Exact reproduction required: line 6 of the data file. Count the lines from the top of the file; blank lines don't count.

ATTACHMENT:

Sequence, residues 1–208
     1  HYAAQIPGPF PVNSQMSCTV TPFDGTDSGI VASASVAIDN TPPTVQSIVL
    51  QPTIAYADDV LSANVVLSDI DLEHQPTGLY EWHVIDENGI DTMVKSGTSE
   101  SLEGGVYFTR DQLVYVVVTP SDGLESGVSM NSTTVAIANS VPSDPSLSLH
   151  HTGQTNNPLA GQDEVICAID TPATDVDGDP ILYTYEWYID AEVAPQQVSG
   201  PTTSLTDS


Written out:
   201  PTTSLTDS